Executive Summary

  • Hands of health care personnel frequently serve as vectors for the transmission of organisms between patients and are also a major reservoir for pathogens with antimicrobial resistance.
  • Hand hygiene is one effective strategy to reduce health care associated infections.
  • The purposes of this study were to (a) compare the costs of hand hygiene in hospitals with high and low hand hygiene compliance as well as high and low frequency of alcohol hand rub use; and (b) examine associations between hospital characteristics and hand hygiene compliance as well as frequency of alcohol hand rub use.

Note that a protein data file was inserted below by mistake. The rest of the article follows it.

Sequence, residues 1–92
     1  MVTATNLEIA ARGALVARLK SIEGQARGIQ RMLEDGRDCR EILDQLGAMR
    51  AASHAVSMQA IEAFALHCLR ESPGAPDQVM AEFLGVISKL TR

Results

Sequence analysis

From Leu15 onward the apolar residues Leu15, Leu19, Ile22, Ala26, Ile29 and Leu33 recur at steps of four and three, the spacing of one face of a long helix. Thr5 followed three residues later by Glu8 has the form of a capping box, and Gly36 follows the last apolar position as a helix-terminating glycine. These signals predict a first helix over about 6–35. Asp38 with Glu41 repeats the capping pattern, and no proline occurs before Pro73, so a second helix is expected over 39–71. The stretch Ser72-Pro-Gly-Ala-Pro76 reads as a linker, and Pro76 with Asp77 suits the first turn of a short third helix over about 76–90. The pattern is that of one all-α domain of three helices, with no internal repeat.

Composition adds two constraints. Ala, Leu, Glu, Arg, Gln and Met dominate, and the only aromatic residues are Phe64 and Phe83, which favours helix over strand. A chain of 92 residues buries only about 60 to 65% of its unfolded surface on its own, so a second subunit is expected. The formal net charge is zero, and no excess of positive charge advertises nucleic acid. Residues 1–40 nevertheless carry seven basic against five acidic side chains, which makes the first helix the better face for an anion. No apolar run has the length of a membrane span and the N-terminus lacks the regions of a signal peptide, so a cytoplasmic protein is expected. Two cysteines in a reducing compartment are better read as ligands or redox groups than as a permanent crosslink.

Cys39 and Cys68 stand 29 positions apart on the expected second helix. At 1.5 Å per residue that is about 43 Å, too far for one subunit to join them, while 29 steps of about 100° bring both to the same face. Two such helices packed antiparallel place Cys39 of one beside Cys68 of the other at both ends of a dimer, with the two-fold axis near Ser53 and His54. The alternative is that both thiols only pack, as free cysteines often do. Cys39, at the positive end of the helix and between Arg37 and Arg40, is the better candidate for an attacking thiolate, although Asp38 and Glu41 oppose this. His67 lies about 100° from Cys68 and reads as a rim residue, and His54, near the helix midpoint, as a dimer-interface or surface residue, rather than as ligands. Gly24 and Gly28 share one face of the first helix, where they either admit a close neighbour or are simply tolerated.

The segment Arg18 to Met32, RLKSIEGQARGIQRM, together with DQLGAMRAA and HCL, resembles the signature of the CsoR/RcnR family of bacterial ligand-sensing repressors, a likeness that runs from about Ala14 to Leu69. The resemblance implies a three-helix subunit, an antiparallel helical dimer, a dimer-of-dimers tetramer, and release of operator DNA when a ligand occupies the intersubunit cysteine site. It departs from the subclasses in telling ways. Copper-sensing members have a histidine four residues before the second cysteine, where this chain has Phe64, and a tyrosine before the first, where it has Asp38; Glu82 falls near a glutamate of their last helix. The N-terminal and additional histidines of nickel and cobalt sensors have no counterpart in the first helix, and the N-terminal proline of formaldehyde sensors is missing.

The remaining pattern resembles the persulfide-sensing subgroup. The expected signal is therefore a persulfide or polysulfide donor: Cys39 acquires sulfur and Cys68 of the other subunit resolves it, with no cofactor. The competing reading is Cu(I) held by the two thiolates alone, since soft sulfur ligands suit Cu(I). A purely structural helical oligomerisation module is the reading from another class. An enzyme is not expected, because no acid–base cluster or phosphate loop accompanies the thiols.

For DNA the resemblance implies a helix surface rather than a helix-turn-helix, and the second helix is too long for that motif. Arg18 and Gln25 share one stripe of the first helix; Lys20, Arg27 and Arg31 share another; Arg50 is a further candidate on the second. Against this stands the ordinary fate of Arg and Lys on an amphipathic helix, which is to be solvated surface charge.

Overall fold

• Nursing and health care policy leaders should look for ways to promote sustained adherence to hand hygiene recommendations.


NOTE: This study was funded by the National Institute of Nursing Research 1R01 NR008242.

Contributor Information

Patricia W. Stone, Columbia University School of Nursing, New York, NY.

Sumya Hasan, Columbia University School of Nursing, New York, NY.

Dave Quiros, Columbia University School of Nursing, New York, NY.

Elaine L. Larson, Columbia University School of Nursing, New York, NY.